Seven 9s and 10s

Trees Lines Grass Goal


How to behave around fog

When you’re just out of bed, standing shivering and half-naked with your coffee at your window, and you see the morning is bundled up in a sea mist so thick you’ll barely be able to see your fingers in front of your face once outside, there are some rules you have to follow: you must squeal with delight; you must spill you coffee; you must forget your breakfast; you must pack all the camera gear you’ve ever owned except your tripod, which is the one thing you really need; you must get off the bus three stops early to walk through the park and its abandoned football pitch; your summer trainers must get soaked in dew; you must drop your favourite lens in the mud; you must wonder why there is no sound; you must whisper to the fog as you shoot it, soft, soft, my love, do not run, for it is a wild beast that will flee if you are not gentle; once you have it tamed, you must be firmer, cajole it, growl at it, for it will be used to your sweet words, will get complacent, lazy, it will forget; you must see the mist as you have never seen it before; you must let it lick your ankles, nuzzle your earlobe, breathe against the nape of your neck; you must tell it yes yes yes; in short, you must fall in love with it; and you must be late, very late, for work because you fell in love and nothing else mattered.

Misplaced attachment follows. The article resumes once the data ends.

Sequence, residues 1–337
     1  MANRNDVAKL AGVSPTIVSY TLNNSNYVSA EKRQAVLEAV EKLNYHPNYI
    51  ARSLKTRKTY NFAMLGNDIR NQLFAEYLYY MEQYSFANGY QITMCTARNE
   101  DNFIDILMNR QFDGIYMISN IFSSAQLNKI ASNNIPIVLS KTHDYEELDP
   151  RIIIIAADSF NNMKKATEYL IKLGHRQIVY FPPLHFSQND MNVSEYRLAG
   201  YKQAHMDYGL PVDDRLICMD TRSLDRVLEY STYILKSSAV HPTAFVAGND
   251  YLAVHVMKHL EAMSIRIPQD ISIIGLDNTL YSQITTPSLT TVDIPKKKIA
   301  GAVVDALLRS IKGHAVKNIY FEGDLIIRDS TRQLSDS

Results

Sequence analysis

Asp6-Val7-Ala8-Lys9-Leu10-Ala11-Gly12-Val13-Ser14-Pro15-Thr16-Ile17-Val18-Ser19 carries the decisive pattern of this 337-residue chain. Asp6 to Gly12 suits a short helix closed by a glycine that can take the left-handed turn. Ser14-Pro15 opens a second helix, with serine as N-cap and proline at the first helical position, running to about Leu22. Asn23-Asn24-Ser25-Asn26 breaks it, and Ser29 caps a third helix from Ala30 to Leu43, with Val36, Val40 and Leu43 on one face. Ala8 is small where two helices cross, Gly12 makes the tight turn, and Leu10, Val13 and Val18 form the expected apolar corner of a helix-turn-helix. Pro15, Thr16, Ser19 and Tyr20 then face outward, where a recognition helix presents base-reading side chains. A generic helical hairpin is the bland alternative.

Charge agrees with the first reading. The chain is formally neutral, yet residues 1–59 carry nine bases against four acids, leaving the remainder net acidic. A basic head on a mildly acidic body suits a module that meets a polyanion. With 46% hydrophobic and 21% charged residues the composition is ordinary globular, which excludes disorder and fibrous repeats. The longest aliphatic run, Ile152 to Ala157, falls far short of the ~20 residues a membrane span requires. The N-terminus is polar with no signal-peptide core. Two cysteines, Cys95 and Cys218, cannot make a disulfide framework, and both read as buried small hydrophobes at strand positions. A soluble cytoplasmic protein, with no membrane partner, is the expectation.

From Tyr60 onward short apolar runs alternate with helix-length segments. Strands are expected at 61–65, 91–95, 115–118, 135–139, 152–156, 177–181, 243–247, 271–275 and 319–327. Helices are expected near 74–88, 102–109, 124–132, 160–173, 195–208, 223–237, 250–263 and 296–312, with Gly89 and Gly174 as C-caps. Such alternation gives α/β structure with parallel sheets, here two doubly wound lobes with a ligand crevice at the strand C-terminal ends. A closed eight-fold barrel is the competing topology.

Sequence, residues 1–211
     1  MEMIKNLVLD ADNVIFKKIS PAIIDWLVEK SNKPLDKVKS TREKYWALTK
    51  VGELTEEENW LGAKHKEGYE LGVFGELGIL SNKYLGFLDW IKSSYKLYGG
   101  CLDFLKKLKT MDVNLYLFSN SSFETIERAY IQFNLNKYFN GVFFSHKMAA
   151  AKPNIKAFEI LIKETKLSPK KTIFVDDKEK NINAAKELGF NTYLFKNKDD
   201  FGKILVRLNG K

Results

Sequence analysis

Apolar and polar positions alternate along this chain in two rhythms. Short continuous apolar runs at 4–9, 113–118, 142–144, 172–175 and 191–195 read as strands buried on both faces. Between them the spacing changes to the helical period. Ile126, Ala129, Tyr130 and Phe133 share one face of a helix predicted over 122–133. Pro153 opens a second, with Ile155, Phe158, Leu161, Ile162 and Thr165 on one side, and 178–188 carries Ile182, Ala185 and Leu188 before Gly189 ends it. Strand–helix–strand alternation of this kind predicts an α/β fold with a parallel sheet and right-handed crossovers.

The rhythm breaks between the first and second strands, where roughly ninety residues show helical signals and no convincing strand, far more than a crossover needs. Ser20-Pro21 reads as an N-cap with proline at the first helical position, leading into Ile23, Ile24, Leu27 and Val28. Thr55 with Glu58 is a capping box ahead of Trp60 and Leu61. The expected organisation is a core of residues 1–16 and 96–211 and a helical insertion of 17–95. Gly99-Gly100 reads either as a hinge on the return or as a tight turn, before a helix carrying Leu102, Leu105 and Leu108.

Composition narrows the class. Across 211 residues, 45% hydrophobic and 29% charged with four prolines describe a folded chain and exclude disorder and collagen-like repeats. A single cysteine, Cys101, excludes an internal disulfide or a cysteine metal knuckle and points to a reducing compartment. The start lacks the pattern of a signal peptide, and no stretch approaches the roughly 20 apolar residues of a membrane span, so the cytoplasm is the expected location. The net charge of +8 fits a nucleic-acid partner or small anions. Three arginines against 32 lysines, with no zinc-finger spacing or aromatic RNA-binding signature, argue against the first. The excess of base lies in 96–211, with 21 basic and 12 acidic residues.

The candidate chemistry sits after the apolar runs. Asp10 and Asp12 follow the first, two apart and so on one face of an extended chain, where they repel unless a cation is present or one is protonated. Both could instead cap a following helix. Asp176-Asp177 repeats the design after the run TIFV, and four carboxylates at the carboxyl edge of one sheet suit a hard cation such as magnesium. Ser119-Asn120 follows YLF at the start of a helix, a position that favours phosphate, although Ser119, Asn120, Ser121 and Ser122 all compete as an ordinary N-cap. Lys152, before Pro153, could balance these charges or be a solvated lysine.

There you go. Them’s the rules, OK?